By measuring how worms move toward an appealing, food-like scent, researchers at the Salk Institute were able to predict whether the worms would be long-lived. The finding, publishing September 22, 2015 in the journal eLife, shows how nematodes (Caenorhabditis elegans) process information about the environment and how circuits in the brain change as an animal ages.
"We're not saying that your ability to smell is going to make you live longer," says Sreekanth Chalasani, an assistant professor in Salk's Molecular Neurobiology Laboratory. "But this odor behavior is likely indicative of some kind of underlying physiology."
The small C. elegans has 12 pairs of specialized neurons in its brain that detect stimuli in the environment. Scientists had previously identified individual pairs of these neurons as required for the animals to respond to attractive odors. Chalasani and his colleagues wanted to understand this entire process in more detail. In their new work, the researchers measured the responses of all 24 neurons as C. elegans was exposed to benzaldehyde—a chemical that gives off a pleasant, almond-like smell. Surprisingly, rather than the individual pairs that had been previously shown, they found that additional neurons were also involved.
Interestingly, these cells were divided into primary and secondary neurons. Primary neurons showed activity in response to the benzaldehyde, while secondary neurons responded to signals sent by the primary neurons. By having a neural circuit structured like this, the team hypothesizes, the worm can get better information on the strength or concentration of a smell.
"If you have multiple different cells that are all detecting a stimulus, you can use the combination of them to get more dynamic information," says Sarah Leinwand, a graduate student in the Chalasani lab and first author of the new paper. "Using this strategy allows an animal to generate flexible behavioral responses to its environment." For instance, some behaviors could only be triggered when a smell is strong enough to cause activity in particular combinations of neurons. The researchers speculate that other species with larger brains may use similarly structured neural circuits to represent sensory information and fine-tune their behaviors.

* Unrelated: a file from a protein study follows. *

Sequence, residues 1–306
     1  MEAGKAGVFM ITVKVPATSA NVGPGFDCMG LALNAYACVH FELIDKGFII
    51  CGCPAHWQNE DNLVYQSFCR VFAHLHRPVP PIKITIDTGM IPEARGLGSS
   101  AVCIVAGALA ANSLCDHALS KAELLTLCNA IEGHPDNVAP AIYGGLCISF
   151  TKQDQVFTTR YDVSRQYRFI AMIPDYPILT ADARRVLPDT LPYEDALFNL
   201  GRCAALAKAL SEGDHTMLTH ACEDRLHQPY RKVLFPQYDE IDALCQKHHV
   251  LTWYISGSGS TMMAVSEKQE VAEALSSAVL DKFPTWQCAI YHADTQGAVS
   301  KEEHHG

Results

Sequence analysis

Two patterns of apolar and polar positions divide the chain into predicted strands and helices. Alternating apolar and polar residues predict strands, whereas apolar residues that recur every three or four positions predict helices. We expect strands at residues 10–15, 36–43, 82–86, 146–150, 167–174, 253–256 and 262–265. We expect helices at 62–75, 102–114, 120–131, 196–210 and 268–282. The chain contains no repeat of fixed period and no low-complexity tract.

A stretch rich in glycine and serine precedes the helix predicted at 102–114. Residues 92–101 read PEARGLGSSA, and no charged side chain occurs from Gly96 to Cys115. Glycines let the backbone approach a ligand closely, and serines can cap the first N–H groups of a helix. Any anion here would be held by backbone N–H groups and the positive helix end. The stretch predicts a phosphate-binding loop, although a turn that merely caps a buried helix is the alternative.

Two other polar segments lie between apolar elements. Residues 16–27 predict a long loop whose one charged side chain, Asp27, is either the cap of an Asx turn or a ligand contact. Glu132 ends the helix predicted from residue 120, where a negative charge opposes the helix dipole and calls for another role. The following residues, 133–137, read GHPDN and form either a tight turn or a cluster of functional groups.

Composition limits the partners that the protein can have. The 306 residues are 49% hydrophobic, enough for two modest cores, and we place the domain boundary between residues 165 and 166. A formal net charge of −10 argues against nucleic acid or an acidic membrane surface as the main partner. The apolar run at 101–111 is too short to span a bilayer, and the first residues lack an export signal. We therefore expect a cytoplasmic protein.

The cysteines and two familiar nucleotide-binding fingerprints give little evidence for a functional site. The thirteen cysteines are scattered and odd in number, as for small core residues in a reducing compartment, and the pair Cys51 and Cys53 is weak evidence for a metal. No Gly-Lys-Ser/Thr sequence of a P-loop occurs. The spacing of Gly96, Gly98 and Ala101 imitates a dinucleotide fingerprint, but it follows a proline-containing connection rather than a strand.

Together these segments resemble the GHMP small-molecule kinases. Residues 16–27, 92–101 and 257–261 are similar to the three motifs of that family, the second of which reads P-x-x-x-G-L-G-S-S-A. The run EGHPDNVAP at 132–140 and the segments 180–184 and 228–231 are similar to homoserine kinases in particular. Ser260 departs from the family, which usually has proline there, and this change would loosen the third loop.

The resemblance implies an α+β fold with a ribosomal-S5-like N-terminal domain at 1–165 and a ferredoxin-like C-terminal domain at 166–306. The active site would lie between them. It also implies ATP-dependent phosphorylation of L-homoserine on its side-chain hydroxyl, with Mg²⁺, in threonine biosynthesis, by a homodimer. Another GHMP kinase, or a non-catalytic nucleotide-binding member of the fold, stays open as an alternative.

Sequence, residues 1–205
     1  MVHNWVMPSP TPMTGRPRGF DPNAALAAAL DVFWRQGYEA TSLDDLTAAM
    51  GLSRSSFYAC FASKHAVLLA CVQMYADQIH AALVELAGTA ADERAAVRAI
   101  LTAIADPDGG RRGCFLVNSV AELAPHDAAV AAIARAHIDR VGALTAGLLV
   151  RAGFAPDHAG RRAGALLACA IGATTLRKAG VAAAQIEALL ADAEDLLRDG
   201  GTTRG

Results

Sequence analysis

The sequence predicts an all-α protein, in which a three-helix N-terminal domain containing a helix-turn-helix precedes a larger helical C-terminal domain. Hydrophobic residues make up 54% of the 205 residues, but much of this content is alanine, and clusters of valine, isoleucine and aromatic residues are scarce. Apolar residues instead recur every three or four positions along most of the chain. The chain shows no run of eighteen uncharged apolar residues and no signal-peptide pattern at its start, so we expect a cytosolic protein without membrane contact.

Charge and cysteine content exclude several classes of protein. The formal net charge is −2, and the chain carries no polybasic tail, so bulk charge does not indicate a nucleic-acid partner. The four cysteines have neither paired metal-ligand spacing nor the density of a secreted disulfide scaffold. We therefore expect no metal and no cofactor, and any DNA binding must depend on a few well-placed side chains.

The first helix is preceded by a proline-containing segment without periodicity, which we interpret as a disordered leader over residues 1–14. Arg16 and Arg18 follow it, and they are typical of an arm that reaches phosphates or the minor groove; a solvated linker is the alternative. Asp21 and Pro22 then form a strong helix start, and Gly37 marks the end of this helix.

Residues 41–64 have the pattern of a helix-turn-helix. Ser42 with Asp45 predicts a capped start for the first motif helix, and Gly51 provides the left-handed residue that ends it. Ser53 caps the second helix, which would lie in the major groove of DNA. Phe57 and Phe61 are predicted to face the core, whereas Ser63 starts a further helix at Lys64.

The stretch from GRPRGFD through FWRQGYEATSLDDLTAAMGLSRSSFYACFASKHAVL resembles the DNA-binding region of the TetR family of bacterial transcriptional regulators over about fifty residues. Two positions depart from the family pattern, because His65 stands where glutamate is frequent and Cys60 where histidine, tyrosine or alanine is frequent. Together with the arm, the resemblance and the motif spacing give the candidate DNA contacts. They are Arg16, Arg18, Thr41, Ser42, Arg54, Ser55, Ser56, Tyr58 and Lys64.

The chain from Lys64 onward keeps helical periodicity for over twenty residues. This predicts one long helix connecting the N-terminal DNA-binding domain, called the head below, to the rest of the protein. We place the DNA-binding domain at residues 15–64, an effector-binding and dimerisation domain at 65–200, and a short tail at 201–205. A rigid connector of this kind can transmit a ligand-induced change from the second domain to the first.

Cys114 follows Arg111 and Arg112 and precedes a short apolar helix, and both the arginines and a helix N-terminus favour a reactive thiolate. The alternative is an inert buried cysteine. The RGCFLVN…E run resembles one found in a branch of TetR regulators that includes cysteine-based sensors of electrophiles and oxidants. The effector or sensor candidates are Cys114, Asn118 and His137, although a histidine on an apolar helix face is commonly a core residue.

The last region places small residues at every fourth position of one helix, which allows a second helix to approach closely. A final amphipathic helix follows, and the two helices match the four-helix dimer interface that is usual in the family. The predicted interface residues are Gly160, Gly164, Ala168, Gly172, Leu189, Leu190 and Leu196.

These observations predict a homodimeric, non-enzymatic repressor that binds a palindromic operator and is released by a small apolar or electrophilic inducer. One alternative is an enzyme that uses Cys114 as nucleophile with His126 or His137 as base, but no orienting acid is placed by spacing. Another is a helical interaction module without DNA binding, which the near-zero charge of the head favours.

Since they knew that worms (like other animals and people) often begin to lose their sense of smell with age, Chalasani and Leinwand next measured how the circuit composed of primary and secondary neurons changes as C. elegans gets older. While the primary neurons don't show a decline in activity, they found, secondary neurons become less active with age. This suggests that communication between neurons could be degraded as animals age, Chalasani says, a phenomenon which might also hold true in other neural circuits in many different species. The scientists went on to show a correlation between poor performance on a smell-based test (moving toward a point source of benzaldehyde), the activity of secondary neurons and the animal's lifespan. Older animals that were more successful in finding the odor lived about 16% longer than animals that were less good at moving toward the smell.
"Even though all these animals are siblings and have similar genomes, if you look at neuron activity, behavioral performance, or lifespan, there are significant differences," says Chalasani. "Perhaps that's because some animals have better signaling between primary and secondary cells."
If the signaling between neurons ends up being important in how other organisms —including humans—age, then manipulating the nervous system may prove a fruitful way to minimize the effects of aging or rejuvenate brain functions, he says.
"There are a lot of questions that remain about what exactly is changing as an animal ages," says Leinwand. "We want to keep looking at what is changing to cause some animals to have better functioning nervous systems and to live longer."
Other researchers on the study were Claire Yang of the Salk Institute, Daphne Bazopoulou and Nikos Chronis of the University of Michigan, and Jagan Srinivasan of the Worcester Polytechnic Institute.
The work and the researchers involved were supported by the Rita Allen Foundation, the W.M. Keck Foundation, the National Institutes of Health, Achievements Rewards for College Scientists and the National Science Foundation.
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